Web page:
: Implementation of the February 2017 Australia Group (AG) Intersessional Decisions and the June 2017 AG Plenary Understandings; Addition of India to the AG [Amendment of EAR Parts 738, 740, 745, and 774.]
; and 5 Apr 2018:
83 FR 14580-14583
: Reclassification of Targets for the Production of Tritium and Related Development and Production Technology Initially Classified Under the 0Y521 Series [Imposes License Requirements on Transfers of Specified Target Assemblies and Components for the Production of Tritium, and Related “Development” and “Production” Technology.] 

 

FOREIGN ASSETS CONTROL REGULATIONS (OFAC FACR): 31 CFR, Parts 500-599, Embargoes, Sanctions, Executive Orders

  – Last Amendment:
19 Mar 2018: 83 FR 11876-11881: Inflation Adjustment of Civil Monetary Penalties

 

FOREIGN TRADE REGULATIONS (FTR): 15 CFR Part 30
  –
Last Amendment: 
20 Sep 2017:
 
82 FR 43842-43844
: Foreign Trade Regulations (FTR): Clarification on Filing Requirements; Correction
  
  – HTS codes that are not valid for AES are available 
here.
  –
The latest edition (16 March 2018) of Bartlett’s Annotated FTR (“BAFTR”), by James E. Bartlett III, is available for downloading in Word format. The BAFTR contains all FTR amendments, FTR Letters and Notices, a large Index, and approximately 250 footnotes containing case annotations, practice tips, Census/AES guidance, and explanations of the numerous errors contained in the official text. Subscribers receive revised copies in Microsoft Word every time the FTR is amended.  The BAFTR is available by annual subscription from the Full Circle Compliance 
website
BITAR subscribers are entitled to a 25% discount on subscriptions to the BAFTR. Government employees (including military) and employees of universities are eligible for a 50% discount on both publications at www.FullCircleCompiance.eu
 
* HARMONIZED TARIFF SCHEDULE OF THE UNITED STATES (HTS, HTSA or HTSUSA), 1 Jan 2018: 19 USC 1202 Annex. (“HTS” and “HTSA” are often seen as abbreviations for the Harmonized Tariff Schedule of the United States Annotated, shortened versions of “HTSUSA”.)

  –
Last Amendment: 16 Apr 2018: 
Harmonized System Update 1805 
[contains 267 ABI records and 60 harmonized tariff records.]

  – HTS codes for AES are available here.
  – HTS codes that are not valid for AES are available here.

 
INTERNATIONAL TRAFFIC IN ARMS REGULATIONS (ITAR): 22 C.F.R. Ch. I, Subch. M, Pts. 120-130.
  

  – Last Amendment: 14 Feb 2018:
83 FR 6457-6458: Amendment to the International Traffic in Arms Regulations: Addition of South Sudan [Amends ITAR Part 126.]

  – The only available fully updated copy (latest edition: 14 Feb 2018) of the ITAR with all amendments is contained in Bartlett’s Annotated ITAR
(“BITAR”), by James E. Bartlett III. The BITAR contains all ITAR amendments to date, plus a large Index, over 800 footnotes containing amendment histories, case annotations, practice tips, DDTC guidance, and explanations of errors in the official ITAR text. Subscribers receive updated copies of the BITAR in Word by email, usually revised within 24 hours after every ITAR amendment.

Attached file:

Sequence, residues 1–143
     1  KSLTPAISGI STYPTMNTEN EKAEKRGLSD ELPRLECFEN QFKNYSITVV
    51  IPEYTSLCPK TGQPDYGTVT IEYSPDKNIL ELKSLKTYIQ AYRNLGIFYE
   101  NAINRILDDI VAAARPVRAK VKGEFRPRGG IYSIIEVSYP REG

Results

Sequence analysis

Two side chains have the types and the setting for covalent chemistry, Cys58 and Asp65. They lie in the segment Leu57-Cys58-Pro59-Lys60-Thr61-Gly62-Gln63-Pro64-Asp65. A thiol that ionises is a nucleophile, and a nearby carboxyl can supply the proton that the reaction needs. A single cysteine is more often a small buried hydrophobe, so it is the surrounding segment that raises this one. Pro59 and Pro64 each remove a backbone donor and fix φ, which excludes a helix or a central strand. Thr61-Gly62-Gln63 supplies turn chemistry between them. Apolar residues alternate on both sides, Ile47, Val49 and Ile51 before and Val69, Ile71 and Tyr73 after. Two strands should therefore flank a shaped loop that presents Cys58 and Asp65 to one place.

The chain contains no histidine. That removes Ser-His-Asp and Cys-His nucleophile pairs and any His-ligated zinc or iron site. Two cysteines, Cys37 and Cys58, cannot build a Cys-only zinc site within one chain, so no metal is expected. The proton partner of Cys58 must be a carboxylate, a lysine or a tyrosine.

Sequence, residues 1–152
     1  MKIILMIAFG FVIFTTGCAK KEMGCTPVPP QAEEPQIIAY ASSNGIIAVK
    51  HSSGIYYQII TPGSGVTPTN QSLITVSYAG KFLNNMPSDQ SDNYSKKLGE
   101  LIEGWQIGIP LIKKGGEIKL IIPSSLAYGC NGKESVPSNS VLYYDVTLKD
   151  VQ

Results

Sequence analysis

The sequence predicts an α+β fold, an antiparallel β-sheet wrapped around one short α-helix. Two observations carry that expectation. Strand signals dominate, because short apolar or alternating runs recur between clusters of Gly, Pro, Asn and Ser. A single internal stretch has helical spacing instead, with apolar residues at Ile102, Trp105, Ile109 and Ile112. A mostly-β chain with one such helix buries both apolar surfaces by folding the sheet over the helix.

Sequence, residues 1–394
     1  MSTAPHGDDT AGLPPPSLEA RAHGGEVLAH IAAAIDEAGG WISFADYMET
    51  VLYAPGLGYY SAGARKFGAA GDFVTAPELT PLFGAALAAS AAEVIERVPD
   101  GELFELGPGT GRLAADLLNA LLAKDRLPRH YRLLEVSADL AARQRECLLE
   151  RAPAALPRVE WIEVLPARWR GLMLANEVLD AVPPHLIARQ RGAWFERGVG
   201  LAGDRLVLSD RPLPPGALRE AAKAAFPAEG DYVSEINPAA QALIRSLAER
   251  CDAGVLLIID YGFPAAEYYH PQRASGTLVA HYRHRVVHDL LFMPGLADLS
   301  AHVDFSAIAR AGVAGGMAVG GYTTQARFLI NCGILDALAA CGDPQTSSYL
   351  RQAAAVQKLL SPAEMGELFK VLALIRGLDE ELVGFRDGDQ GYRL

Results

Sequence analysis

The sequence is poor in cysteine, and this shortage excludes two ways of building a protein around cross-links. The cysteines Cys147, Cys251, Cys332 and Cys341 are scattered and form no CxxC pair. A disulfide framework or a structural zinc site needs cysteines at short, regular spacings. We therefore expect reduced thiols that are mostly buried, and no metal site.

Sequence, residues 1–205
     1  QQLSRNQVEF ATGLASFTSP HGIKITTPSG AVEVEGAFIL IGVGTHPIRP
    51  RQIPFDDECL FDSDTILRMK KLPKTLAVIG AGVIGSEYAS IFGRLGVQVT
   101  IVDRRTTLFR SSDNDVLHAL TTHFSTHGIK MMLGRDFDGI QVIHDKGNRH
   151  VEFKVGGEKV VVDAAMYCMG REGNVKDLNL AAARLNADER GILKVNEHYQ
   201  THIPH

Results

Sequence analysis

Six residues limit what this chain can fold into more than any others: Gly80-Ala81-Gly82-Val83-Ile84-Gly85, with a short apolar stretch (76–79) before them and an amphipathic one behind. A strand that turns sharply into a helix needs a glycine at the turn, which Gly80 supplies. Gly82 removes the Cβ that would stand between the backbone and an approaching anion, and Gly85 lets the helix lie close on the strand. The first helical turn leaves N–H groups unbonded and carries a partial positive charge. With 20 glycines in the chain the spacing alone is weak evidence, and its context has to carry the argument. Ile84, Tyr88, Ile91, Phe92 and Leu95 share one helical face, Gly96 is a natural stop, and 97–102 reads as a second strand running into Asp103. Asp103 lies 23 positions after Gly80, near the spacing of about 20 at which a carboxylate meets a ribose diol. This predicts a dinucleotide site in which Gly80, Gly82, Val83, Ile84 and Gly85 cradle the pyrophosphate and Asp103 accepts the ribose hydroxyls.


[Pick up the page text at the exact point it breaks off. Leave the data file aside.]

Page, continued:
The BITAR is available by annual subscription from the Full Circle Compliance 
website
. BAFTR subscribers receive a 25% discount on subscriptions to the BITAR, please
contact us
to receive your discount code.
 

* * * * * * * * * * * * * * * * * * * *

EN_a326
. Weekly Highlights of the Daily Bugle Top Stories
(Source: Editor)
 

Review last week’s top Ex/Im stories in “Weekly Highlights of Daily Bugle Top Stories” posted here.

* * * * * * * * * * * * * * * * * * * *

* The Ex/Im Daily Update is a publication of FCC Advisory B.V., compiled by: Editor, James E. Bartlett III; Assistant Editors, Alexander P. Bosch and Vincent J.A. Goossen; and Events & Jobs Editor, John Bartlett. The Ex/Im Daily Update is emailed every business day to approximately 8,000 readers of changes to defense and high-tech trade laws and regulations. We check the following sources daily: Federal Register, Congressional Record, Commerce/AES, Commerce/BIS, DHS/CBP, DOE/NRC, DOJ/ATF, DoD/DSS, DoD/DTSA, FAR/DFARS, State/DDTC, Treasury/OFAC, White House, and similar websites of Australia, Canada, U.K., and other countries and international organizations.  Due to space limitations, we do not post Arms Sales notifications, Denied Party listings, or Customs AD/CVD items.

* RIGHTS & RESTRICTIONS: This email contains no proprietary, classified, or export-controlled information. All items are obtained from public sources or are published with permission of private contributors, and may be freely circulated without further permission, provided attribution is given to “The Export/Import Daily Bugle of (date)”. Any further use of contributors’ material, however, must comply with applicable copyright laws.

* CAVEAT: The contents cannot be relied upon as legal or expert advice.  Consult your own legal counsel or compliance specialists before taking actions based upon news items or opinions from this or other unofficial sources.  If any U.S. federal tax issue is discussed in this communication, it was not intended or written by the author or sender for tax or legal advice, and cannot be used for the purpose of avoiding penalties under the Internal Revenue Code or promoting, marketing, or recommending to another party any transaction or tax-related matter.

* SUBSCRIPTIONS: Subscriptions are free.  Subscribe by completing the request form on the Full Circle Compliance website.